Friday, February 11, 2011

February 11, 2011

Today is my sweet grandmother's birthday. How does this relate to the film, you ask? Because, like the rest of my family, she has been an incredibly positive influence on me and has encouraged me to try big things. She's one of many family members who have taught me the importance of family, history, theater, art, culture, and genealogy.

We are who we are because of the people in our lives, I believe. My grandma is a fascinating creature, and I love her dearly. It's been about two weeks since I saw her last, and that feels like two years. I feel a twinge of hurt for our Montagnard friends as I write that sentence. Some of the Montagnards living in the States haven't seen family members who still live in Vietnam in many, many years.

Occasionally, I will talk to Montagnards living here in North Carolina and I ask if they have family still in Vietnam. I'm curious. Most of the time they say, "Yes," but it's a hesitant response--as if confirmation of such a fact stirs painful memories. Many of them have shared stories about fleeing Vietnam, leaving behind their beloved, and trying to stay in touch because they can't get back to visit.

I can't imagine not seeing my mom for 10 years, wondering how she's doing and feeling like there's little I can do to ensure her safety and well being. Not to mention fleeing my country as a refugee, unsure of whether I will ever see my homeland again. The concept and understanding of a political refugee's life here in the States is something I had not contemplated until I started working on Abandoned Allies.

There are groups helping our allies living in the States, which brings me joy. Churches, NGOs, and corporations are helping them get accustomed to life here. The basics like finding a place to live, getting food, finding a job, learning the language and culture, and raising a family are--I can only imagine--fairly challenging in a new country.

People ask me why a lot of Montagnards have come to North Carolina, and one of the many reasons is because other family members are here. You can believe that if I were forced to leave my home land as a political refugee, I'm going to try relocating where I know someone.

Today--as the people of Egypt force their leader out of power and as my dear grandmother celebrates her 91st birthday--I feel a sense of hope about the future of Vietnam, our Montagnard allies, and the potential of positive change that starts with a small group of very passionate individuals. I am an optimist and a realist, and I feel that when we learn the truth about an injustice, we have the beautiful possibility that we can do something to make it right.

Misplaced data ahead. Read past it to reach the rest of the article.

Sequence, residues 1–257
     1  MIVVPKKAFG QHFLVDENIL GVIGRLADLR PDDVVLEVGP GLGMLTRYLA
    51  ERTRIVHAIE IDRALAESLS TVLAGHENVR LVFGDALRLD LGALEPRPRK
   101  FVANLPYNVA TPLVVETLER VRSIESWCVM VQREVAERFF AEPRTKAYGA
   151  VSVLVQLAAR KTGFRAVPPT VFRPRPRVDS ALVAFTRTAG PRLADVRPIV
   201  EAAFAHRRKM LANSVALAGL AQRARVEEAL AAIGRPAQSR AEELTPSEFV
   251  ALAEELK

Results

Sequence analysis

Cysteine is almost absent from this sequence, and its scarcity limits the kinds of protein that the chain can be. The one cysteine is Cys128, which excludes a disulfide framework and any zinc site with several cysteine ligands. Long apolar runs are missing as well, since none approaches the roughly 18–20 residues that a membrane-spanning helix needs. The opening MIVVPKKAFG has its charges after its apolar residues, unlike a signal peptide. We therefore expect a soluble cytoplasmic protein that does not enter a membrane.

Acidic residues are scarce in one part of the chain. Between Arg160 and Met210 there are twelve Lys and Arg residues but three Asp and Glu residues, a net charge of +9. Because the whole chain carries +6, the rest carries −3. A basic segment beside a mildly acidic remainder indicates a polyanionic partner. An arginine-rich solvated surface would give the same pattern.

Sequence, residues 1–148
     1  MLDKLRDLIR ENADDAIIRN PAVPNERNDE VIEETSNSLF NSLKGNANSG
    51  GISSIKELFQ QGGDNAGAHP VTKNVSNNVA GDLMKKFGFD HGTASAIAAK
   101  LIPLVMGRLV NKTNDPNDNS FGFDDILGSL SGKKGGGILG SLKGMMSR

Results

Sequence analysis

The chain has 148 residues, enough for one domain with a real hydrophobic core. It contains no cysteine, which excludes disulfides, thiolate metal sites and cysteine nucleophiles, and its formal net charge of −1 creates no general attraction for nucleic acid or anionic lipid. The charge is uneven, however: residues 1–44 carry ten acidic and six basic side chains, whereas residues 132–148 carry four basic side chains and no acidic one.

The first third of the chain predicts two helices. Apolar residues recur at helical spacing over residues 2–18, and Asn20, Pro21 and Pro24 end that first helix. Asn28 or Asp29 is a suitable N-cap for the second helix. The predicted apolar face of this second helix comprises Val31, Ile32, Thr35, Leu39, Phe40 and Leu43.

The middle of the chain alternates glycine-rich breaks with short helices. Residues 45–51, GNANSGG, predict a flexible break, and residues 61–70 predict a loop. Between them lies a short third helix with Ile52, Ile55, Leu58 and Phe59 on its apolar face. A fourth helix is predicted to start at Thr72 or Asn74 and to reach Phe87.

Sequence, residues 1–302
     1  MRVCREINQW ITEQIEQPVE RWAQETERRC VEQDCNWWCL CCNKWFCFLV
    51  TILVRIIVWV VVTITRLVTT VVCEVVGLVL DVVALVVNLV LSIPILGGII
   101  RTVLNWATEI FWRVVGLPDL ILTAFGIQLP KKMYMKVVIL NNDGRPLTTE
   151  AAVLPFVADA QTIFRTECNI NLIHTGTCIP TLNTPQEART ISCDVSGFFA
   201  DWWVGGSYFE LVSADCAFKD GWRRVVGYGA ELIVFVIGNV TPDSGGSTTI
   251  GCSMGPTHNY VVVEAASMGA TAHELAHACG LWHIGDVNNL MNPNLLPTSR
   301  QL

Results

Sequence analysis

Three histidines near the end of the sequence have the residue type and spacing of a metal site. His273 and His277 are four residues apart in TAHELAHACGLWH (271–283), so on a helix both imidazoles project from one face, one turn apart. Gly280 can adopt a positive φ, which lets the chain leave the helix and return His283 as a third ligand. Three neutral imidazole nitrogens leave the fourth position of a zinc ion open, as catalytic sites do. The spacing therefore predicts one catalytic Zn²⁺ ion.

For three years I have talked with Vietnam War Veterans--both Americans and Montagnards--and their disappointment in our government's treatment of these allies is overwhelming. This group of people has been marginalized for nearly 40 years, and they are none too happy about it. I desperately hope that we might give them a voice, so that these mistakes will not be repeated.

In the meantime, I keep working on the film. Hustling to get it finished.


gabrielle said...

Happy birthday to your grandmother! :)

Your documentary sounds very interesting, if not more than a little sad. I'm fascinated by the topic of the Vietnam War and how it personally affected the men and women that served (my dad and uncle are Vietnam vets), but I'm ashamed to admit that I never much considered how it affected our allies there personally as well. Good luck finishing your film- I would love to see it!

Camden Watts said...

Thank you, dear! I didn't get there in time to see your Ignite Durham presentation, but I bet it was great.

The doc has been incredibly fascinating, and I'm so excited about sharing it when we're finished. Thanks for the well wishes and encouragement!